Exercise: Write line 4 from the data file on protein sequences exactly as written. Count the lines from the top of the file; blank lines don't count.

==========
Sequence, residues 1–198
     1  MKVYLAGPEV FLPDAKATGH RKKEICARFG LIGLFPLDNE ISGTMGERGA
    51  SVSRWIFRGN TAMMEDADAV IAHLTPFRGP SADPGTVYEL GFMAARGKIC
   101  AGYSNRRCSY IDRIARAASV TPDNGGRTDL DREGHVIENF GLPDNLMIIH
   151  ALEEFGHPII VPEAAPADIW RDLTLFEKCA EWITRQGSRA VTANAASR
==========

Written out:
   101  AGYSNRRCSY IDRIARAASV TPDNGGRTDL DREGHVIENF GLPDNLMIIH